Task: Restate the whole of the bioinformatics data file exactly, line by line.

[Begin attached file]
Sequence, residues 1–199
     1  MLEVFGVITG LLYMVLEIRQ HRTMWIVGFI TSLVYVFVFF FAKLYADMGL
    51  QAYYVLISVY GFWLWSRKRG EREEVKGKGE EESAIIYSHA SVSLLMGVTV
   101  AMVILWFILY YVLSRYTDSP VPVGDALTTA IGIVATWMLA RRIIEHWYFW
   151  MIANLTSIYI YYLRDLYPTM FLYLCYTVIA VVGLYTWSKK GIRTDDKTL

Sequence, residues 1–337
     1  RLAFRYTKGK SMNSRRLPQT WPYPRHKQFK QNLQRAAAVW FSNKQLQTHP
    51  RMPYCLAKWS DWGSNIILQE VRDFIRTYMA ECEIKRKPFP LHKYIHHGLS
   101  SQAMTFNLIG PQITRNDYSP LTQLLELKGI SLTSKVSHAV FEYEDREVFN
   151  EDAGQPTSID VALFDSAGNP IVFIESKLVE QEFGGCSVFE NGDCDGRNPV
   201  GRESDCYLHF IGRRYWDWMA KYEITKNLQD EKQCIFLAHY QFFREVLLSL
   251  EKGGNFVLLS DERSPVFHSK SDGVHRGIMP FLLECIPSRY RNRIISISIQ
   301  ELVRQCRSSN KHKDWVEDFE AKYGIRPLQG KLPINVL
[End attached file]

Sequence, residues 1–199
     1  MLEVFGVITG LLYMVLEIRQ HRTMWIVGFI TSLVYVFVFF FAKLYADMGL
    51  QAYYVLISVY GFWLWSRKRG EREEVKGKGE EESAIIYSHA SVSLLMGVTV
   101  AMVILWFILY YVLSRYTDSP VPVGDALTTA IGIVATWMLA RRIIEHWYFW
   151  MIANLTSIYI YYLRDLYPTM FLYLCYTVIA VVGLYTWSKK GIRTDDKTL

Sequence, residues 1–337
     1  RLAFRYTKGK SMNSRRLPQT WPYPRHKQFK QNLQRAAAVW FSNKQLQTHP
    51  RMPYCLAKWS DWGSNIILQE VRDFIRTYMA ECEIKRKPFP LHKYIHHGLS
   101  SQAMTFNLIG PQITRNDYSP LTQLLELKGI SLTSKVSHAV FEYEDREVFN
   151  EDAGQPTSID VALFDSAGNP IVFIESKLVE QEFGGCSVFE NGDCDGRNPV
   201  GRESDCYLHF IGRRYWDWMA KYEITKNLQD EKQCIFLAHY QFFREVLLSL
   251  EKGGNFVLLS DERSPVFHSK SDGVHRGIMP FLLECIPSRY RNRIISISIQ
   301  ELVRQCRSSN KHKDWVEDFE AKYGIRPLQG KLPINVL